In a commitment to drastic emissions reductions, 240 members worldwide, including the major railways of Europe, China, Russia, India and the US committed to a 50% increase in rail’s share of passenger transportation by 2030.
The pledge is one of the top priority targets of the Low-Carbon Sustainable Rail Transport Challenge, launched by The International Union of Railways (UIC) and participant member states in December 2015.
The shift from heavy-polluting means of transportation such as road and air is needed to cut energy-related CO2 emissions by more than half by 2050, and limit average global temperature increase to 2°C.
But while many countries can work towards shifting public perception to embrace transportation systems already in place, the case is different for the US, where access to public transportation is severely restricted.
The sheer lack of a well-connected railway network dissuades daily commuters from taking the train to their workplace, while those looking to travel to another city are best served by fairly affordable and frequent plane connections.
The US is currently the world leader in urban passenger transport emissions, with 670 megatons of CO2 produced annually and the anticipated surge in population could make this much worse. By 2045, America’s population is expected to grow by 70 million, with 75% of people concentrated around mega-regions.
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Without intervention, this increased demand is bound to put great pressure on the economy. According to a report by US association Business Roundtable, subpar performance and the failure to invest in America’s passenger rail infrastructure could cost $570bn in 2020 and more than $1tn by 2040.
But why have railways been relegated as a secondary means of transport by the American public and an unworthy financial pursuit by federal bodies while in other countries they are held up as the most promising means of sustainable mass transit?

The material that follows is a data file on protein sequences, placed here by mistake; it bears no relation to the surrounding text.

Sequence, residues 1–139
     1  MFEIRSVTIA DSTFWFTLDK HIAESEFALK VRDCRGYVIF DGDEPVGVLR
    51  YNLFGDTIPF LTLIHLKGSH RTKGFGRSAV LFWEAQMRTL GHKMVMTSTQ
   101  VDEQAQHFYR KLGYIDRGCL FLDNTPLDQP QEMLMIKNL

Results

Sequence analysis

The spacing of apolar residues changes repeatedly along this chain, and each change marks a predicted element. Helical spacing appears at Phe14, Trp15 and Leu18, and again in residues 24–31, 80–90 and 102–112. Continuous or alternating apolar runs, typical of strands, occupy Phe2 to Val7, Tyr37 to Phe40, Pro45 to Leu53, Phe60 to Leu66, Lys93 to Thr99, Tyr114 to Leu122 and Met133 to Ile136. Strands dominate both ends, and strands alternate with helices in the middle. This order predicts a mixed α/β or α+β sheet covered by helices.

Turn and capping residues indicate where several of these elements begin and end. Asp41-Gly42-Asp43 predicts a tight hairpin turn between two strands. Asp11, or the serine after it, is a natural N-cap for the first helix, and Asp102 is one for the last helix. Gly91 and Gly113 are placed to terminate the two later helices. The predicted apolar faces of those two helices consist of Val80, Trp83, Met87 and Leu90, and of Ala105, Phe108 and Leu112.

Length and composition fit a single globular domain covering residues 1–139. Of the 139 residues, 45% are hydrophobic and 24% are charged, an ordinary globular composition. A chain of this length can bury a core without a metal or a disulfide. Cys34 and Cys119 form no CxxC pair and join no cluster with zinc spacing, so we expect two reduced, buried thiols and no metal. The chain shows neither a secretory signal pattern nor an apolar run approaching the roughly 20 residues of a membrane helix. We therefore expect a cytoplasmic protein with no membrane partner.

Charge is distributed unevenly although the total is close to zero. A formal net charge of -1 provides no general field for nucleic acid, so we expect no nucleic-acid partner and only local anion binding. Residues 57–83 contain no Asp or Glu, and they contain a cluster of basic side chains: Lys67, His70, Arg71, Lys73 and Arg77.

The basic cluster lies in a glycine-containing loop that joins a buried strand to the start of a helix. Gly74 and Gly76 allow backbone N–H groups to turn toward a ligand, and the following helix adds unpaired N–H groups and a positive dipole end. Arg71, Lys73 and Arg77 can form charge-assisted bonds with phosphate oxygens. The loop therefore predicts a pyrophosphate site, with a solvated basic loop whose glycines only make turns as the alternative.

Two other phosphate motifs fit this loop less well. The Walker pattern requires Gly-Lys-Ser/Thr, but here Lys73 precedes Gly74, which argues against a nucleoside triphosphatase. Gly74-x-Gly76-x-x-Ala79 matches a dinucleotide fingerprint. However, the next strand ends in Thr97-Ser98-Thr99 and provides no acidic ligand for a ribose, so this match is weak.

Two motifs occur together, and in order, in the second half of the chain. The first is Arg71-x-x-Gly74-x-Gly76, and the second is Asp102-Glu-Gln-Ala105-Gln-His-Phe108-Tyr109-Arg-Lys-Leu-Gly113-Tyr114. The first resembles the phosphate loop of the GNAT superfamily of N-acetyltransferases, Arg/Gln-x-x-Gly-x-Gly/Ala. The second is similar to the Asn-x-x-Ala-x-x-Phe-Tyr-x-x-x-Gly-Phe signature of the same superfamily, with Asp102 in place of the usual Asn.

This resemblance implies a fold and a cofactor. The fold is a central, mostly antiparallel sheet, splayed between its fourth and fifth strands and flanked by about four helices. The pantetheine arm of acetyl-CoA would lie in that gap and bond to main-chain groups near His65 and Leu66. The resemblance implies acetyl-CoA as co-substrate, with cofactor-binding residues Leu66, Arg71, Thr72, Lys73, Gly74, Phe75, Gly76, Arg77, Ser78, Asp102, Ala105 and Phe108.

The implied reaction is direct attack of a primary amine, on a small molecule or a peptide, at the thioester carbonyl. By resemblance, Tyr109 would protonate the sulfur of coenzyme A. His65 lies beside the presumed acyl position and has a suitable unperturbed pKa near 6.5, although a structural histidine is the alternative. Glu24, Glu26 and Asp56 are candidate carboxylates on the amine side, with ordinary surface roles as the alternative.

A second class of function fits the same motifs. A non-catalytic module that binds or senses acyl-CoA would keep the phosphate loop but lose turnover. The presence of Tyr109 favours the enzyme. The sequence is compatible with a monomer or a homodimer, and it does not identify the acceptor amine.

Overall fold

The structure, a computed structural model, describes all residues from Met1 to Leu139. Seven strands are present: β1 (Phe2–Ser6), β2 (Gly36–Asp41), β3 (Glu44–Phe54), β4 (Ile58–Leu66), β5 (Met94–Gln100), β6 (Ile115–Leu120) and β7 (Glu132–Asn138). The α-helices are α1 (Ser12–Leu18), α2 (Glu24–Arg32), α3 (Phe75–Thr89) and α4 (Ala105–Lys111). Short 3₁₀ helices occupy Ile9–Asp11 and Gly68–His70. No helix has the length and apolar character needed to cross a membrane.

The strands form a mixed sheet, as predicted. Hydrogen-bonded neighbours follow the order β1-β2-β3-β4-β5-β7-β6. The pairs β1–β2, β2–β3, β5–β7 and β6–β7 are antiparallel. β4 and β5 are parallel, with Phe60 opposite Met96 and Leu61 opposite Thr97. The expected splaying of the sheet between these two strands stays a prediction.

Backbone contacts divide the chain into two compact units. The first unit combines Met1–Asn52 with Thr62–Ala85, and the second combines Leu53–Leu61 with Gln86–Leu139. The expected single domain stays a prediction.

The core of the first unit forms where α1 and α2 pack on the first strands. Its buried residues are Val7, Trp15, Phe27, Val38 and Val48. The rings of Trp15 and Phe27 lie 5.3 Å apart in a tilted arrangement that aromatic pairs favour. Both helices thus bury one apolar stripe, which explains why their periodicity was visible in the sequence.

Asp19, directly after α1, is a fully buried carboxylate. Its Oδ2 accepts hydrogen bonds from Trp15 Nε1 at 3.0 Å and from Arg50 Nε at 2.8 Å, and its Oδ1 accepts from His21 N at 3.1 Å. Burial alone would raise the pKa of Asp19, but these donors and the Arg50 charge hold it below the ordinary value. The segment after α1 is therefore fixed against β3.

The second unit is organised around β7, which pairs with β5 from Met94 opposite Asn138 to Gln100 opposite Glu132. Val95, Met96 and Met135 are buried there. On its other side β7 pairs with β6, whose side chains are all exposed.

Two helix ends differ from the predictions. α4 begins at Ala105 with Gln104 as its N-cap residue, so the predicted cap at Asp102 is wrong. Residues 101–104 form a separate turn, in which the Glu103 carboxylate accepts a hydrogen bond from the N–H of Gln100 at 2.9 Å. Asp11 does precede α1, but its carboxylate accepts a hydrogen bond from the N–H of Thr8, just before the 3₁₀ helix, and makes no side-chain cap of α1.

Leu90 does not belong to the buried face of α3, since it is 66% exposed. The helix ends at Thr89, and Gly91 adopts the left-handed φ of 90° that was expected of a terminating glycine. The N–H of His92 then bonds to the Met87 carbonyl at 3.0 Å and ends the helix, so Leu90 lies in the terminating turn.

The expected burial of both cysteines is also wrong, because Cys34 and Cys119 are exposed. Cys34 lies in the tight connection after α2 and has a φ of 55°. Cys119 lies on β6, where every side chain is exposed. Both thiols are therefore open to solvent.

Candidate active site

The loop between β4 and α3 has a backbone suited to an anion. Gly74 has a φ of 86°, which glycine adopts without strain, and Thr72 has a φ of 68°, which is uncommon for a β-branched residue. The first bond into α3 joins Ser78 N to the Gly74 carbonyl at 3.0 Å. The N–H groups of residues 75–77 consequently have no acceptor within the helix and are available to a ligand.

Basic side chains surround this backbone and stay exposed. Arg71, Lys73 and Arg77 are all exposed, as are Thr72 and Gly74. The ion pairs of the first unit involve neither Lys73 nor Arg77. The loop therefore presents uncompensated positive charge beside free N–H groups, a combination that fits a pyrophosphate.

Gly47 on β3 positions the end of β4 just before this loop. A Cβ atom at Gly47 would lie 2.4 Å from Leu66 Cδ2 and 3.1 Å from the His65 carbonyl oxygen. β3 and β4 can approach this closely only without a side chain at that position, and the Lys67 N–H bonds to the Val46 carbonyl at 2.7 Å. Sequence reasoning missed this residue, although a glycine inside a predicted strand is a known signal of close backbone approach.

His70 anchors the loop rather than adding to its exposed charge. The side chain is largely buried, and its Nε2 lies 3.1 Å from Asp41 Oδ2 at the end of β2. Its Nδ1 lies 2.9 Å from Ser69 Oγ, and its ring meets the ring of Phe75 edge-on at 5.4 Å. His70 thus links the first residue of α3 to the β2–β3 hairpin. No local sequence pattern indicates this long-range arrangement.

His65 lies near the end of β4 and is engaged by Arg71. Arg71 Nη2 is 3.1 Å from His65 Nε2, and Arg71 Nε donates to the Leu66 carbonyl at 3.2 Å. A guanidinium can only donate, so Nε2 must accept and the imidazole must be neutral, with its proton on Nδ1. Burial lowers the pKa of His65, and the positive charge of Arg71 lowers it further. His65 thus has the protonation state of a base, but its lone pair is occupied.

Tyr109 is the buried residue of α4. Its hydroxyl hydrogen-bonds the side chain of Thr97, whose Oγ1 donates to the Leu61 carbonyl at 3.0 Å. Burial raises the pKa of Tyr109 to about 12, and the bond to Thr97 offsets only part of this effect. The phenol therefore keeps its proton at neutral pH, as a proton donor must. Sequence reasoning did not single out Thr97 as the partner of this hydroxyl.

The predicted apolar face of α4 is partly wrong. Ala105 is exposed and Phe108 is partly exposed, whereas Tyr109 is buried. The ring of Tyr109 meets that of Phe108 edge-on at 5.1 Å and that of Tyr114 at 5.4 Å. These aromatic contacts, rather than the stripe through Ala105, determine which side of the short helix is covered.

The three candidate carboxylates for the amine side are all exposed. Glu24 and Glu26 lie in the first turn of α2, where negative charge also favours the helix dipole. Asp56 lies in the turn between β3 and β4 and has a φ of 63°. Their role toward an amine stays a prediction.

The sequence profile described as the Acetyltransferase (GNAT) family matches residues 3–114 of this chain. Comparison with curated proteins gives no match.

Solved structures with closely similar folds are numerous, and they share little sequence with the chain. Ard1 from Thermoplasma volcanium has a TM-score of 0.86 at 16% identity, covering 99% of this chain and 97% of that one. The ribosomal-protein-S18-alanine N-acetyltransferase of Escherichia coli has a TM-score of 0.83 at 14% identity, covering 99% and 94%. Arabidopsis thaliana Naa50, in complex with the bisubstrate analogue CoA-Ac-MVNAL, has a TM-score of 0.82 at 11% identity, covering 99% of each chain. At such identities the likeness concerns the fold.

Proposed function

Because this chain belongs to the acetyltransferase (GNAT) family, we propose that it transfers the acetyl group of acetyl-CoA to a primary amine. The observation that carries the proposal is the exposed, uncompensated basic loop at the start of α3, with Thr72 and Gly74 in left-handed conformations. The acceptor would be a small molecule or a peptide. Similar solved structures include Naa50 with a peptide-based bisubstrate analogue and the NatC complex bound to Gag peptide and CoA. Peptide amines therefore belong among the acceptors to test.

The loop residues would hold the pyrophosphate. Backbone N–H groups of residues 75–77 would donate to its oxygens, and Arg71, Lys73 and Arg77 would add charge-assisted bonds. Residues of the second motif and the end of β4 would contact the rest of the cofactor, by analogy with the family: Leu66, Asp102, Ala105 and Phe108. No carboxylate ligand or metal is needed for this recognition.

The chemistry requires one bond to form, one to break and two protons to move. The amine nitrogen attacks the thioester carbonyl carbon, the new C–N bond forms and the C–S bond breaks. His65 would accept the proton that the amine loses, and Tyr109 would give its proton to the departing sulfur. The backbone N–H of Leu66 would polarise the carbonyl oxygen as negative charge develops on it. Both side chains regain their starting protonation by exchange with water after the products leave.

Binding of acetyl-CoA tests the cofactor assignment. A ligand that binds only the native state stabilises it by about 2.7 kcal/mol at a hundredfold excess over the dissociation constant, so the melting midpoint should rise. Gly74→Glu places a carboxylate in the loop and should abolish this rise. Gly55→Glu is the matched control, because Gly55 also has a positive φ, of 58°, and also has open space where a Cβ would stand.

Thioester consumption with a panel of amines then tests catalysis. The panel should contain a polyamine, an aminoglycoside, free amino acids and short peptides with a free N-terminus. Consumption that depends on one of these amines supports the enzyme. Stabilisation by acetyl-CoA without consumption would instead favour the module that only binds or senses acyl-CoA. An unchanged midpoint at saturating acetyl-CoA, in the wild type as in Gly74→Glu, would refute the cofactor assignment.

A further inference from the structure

Why don’t Americans ride trains?
For the American public, emulating the European model for rail transportation is not as straightforward as it may seem. With much bigger distances, and longer travelling times between metropolitan areas, intercity train travel is also rendered less practical by low population densities across many regions.
Alongside the geographical hurdles, a long history of underinvestment and political animosity towards rail projects has also led to today’s poor infrastructure and scarce connections.
A report published in February 2015 by the National Association of Railroad Passengers (NARP) shows a vast backlog of undelivered rail projects totalling almost $209bn. The document identified 274 projects, of which “some […] represent competing visions for the development of the US rail network, incremental upgrades to existing service versus cutting edge rail technology.”
The Department of Transportation (DOT) estimates that improving the condition and performance of the transportation system will cost $43bn, according to their Beyond 2045 analysis, while current annual capital spending is just over $17bn.
“Unlike highways, transit, and aviation, passenger rail lacks a source of predictable, dedicated funding,” the report reads.
As a result, airlines have secured their place on the market, offering widely available 24-hour connections between states, sometimes at cheaper prices than train tickets. Last year, rumours circulated that Southwest Airlines even lobbied against a high-speed rail project in Texas, an accusation which the airline denied at the time.
Rail projects in America have also been heavy politicised, maybe much more so than anywhere else in the world. According to the Economist, “opposition to rail is now often seen as essentially conservative, and Republican governors oppose rail projects to boost their conservative image.”
Lessons from the greener cities of Europe
Speaking at last year’s Rail Forum Europe, Transnev Group CEO Jean-Marc Janaillac said that “modal shift to rail would be key to make transport more sustainable”.
Janaillac’s claim certainly enjoys scientific backing. Figures released by the international public transport organisation UITP showed that in an urban context, the energy consumption of rail is seven times less than that of an average car.
Similarly, research by The University of California, Davis, and the Institute for Transportation and Development Policy maintains that if public transportations systems were to be expanded globally, approximately 1.7 gigatons of CO2 could be eliminated each year. This would mean a 40% reduction in urban passenger transport emissions by 2050.